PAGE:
I’ve mentioned before that Brettell road is a ‘what if’ layout and that extends to the stock as well. So what if the NBL class 21s were trialed in the Midlands? It’s not a huge leap to make from reality really and its reported that they did appear on the Condor’s occasionally (anyone got any pictures of this?). I’ve always had a passing interest in the Hornby class 29 as its melancholy look seemed to stand out from the other diesels in their catalogue as a kid. I never had one though so why not get one now?
I prefer the original look of the class 21 to the re-engined class 29 so that’s the plan. The Hornby model has bits of both. (I know about the upcoming Dapol model but I figured going this way would be more fun!)

The Prototype

©53A models of Hull Collection, used with kind permission. Click here to go to the original.

Although the class 21 and class 22 became something of an irrelevance in the history of British locomotives their story does hold a bit of interest.  NBL could have been said to be at least as experienced in British loco production as anyone else at the time with their LMS commissioned prototype 10800 and the class 16s which shared a strong resemblance. Both were powered by Paxman engines and both were somewhat problematic.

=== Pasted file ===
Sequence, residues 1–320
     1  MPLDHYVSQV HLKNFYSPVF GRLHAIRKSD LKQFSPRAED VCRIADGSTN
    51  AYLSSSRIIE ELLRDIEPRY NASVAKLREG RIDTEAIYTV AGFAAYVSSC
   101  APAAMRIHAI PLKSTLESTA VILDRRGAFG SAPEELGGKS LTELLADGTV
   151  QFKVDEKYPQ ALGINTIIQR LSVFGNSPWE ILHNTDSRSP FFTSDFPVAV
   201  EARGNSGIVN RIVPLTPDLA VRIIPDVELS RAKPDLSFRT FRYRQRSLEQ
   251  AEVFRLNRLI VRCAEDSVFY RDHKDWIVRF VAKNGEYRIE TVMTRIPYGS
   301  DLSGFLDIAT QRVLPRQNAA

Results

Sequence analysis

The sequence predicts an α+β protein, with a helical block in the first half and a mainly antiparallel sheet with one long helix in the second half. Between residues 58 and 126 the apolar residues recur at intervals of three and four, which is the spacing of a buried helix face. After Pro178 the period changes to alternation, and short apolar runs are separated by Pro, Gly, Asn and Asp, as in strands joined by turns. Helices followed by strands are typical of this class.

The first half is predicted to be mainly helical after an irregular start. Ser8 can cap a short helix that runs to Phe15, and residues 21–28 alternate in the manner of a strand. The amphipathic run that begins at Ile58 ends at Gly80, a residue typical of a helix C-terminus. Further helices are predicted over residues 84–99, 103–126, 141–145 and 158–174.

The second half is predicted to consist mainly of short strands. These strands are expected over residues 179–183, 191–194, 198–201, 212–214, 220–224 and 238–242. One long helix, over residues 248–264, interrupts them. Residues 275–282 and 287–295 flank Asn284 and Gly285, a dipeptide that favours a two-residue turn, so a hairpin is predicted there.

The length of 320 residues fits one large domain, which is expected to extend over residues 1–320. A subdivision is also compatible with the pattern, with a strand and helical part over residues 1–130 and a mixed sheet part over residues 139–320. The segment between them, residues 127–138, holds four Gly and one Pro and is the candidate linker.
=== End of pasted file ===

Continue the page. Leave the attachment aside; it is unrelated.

When it came to type 2 units (or type B at the time) they abandoned the Paxman power unit turning to their own built MAN units, built under licence from Germany.  It’s not clear if NBL actually had any real experience in building these engines at the time and to say they were somewhat disastrous wouldn’t be far from the truth. NBL would return to Paxman to repower some of the class 21s and they would be class 29.  Truth is they were little better. Poor cooling and badly laid out equipment only made matters worse for the class.

Where they do hold an interest is in that the class 21’s were diesel electric while the class 22’s were diesel hydraulic. If they hadn’t have been so problematic then a reasonable comparison of the 2 propulsion types would have resulted.  This was the only opportunity for main line locos in the UK. The 2 classes look very similar with the class 21s being just a smidge under 5 feet longer and at least to my eye, looking more ‘designed’

D6109 the odd one out.

D6109 became the odd one out of the true class 21s having received most of the body modifications for conversion to a class 29 but not the Paxman engine (reportedly down to problems discovered in the frames). So D6109 became the only class 21 to get a headcode box.  Interestingly there was one class 29 that didn’t but got all the other modifications.

The Model as it comes.

Being reasonably unfamiliar with the real thing some time has been spent comparing the model to pictures of the real loco and I’ve drawn up a (quite long) list of things I think are off.
So here we go then

A – I think the peak of the roof is wrong – it looks flatter on the real locos. Also the rib behind it doesn’t seem as prominent as it is on the model.